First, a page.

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Thesis

Understanding subjective well-being: a study of British adults aged 25 years and over -PhD Thesis-

Authors

Publication date

2005

Abstract

The research reported here is intended to provide new knowledge towards that understanding within the context of an emerging positive research paradigm.
Through conducting secondary analysis of the British Household Panel Survey (1991 - 1999), this research will explore the relationship of those with high or improved subjective well-being in respect of individual’s demographic, social, spatial, health, domain satisfaction and socio-economic circumstances. It will show that life satisfaction, good health, good social support and social integration are positively associated with high subjective well-being, whilst poor or deteriorating health, absence from the labour market, middle age, and lack of improvement in societal positional have a negative association.
The findings suggest that subjective well-being is best measured through a composite index which aims to detect satisfaction, happiness, the presence of positive emotion and the absence of negative emotion. Although the research shows that some aspects of socio-economic conditions are important to subjective well-being, the findings generally support previous criticisms of the dominance of economic measures in understanding subjective well-being. It suggests that social aspects are important predictors of subjective well-being and supports the importance of relative wealth rather than objective income. The inequalities that have been found may have detrimental consequences over and above their monetary differences. The accumulation of assets over the life course may not only have important implications for inequalities among future generations of retirees but may also require a gendered policy response. Although the redistribution of money may be important to improving subjective well-being, there also needs to be a more equal distribution of services culminating in greater social justice.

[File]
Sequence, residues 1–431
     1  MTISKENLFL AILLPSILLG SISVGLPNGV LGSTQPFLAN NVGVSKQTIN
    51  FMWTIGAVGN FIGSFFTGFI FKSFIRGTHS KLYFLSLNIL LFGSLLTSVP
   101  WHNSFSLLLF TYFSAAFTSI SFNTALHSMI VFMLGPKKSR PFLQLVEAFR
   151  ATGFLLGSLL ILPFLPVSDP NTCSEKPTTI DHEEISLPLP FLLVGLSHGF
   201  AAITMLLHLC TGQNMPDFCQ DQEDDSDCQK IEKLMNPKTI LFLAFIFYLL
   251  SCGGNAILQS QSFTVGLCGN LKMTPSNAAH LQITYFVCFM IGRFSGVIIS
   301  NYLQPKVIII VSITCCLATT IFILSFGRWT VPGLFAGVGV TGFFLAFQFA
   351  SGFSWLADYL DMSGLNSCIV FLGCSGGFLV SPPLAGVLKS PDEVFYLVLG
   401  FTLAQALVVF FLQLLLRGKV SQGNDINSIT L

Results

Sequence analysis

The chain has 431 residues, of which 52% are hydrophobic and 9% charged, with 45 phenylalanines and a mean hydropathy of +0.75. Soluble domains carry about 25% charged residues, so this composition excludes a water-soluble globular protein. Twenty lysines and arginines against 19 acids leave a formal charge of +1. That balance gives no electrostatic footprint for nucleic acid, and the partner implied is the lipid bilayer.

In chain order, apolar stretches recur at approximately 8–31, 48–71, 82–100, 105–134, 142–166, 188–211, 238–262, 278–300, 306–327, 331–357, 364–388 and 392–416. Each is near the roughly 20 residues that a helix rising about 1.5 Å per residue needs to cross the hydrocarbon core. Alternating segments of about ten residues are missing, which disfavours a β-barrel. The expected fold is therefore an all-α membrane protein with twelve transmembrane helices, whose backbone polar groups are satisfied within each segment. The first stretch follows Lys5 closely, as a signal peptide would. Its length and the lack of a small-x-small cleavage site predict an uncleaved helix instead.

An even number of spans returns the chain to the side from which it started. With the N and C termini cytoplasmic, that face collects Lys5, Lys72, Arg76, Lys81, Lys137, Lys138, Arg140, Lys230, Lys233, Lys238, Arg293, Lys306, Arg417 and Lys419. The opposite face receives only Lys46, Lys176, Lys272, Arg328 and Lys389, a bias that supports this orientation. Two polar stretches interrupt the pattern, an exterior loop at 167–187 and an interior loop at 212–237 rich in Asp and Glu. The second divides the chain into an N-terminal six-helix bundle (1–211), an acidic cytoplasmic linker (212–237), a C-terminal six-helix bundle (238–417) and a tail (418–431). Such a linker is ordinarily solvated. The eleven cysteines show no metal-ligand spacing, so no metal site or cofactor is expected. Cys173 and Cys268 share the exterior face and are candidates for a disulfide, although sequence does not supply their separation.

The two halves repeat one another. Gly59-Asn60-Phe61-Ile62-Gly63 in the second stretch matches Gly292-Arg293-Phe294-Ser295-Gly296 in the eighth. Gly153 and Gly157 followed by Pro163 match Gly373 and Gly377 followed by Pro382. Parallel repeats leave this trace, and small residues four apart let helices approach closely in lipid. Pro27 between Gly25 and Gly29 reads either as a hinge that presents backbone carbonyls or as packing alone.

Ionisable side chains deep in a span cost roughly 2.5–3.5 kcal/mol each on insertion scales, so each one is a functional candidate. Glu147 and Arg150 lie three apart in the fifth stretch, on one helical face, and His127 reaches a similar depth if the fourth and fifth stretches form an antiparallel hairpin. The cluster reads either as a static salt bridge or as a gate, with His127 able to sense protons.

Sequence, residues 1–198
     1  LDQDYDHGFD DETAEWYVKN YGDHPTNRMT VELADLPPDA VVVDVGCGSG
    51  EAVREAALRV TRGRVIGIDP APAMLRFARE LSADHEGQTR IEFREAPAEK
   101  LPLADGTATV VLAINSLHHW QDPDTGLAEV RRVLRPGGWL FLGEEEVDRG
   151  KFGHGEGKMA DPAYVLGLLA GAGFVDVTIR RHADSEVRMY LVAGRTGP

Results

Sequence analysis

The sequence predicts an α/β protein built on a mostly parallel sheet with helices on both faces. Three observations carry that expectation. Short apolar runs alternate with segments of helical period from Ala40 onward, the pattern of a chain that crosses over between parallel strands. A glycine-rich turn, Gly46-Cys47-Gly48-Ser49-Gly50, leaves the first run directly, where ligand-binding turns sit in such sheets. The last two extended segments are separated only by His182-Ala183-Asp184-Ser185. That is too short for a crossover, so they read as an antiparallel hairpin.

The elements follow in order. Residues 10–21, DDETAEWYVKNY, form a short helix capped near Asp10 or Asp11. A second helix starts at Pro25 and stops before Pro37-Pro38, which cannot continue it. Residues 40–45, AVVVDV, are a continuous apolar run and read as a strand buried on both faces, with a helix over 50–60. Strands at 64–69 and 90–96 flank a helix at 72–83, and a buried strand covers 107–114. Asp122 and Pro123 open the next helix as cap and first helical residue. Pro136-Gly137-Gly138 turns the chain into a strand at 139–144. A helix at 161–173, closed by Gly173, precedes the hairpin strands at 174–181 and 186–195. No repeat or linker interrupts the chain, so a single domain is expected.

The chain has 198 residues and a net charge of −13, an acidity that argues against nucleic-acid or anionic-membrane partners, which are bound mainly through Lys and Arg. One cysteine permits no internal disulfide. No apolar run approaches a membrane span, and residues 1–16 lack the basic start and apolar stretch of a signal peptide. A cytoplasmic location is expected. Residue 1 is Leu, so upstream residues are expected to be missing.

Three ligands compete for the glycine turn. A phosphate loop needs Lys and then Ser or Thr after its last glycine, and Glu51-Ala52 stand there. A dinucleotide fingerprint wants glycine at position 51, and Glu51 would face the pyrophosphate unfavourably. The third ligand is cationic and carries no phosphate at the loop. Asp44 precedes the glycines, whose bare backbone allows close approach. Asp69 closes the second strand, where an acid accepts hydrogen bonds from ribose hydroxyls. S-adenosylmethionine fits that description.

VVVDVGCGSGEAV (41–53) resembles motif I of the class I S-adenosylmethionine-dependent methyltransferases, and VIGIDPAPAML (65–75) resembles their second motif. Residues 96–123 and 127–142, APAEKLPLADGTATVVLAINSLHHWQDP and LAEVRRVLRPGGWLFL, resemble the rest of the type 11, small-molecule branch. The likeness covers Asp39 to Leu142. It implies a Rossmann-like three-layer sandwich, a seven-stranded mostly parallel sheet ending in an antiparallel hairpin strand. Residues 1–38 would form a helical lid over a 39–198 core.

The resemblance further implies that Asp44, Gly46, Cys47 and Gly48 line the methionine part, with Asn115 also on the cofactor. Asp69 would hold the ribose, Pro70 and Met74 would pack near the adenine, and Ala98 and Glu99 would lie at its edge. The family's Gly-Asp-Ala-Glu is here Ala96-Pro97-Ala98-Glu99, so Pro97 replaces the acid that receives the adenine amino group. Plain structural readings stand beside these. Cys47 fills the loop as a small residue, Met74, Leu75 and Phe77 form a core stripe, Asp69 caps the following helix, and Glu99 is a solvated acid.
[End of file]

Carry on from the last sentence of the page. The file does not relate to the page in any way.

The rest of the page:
Subjects

Well Being and Social Policy

Notes

not held in Res Lib - bibliographic reference only

#509179


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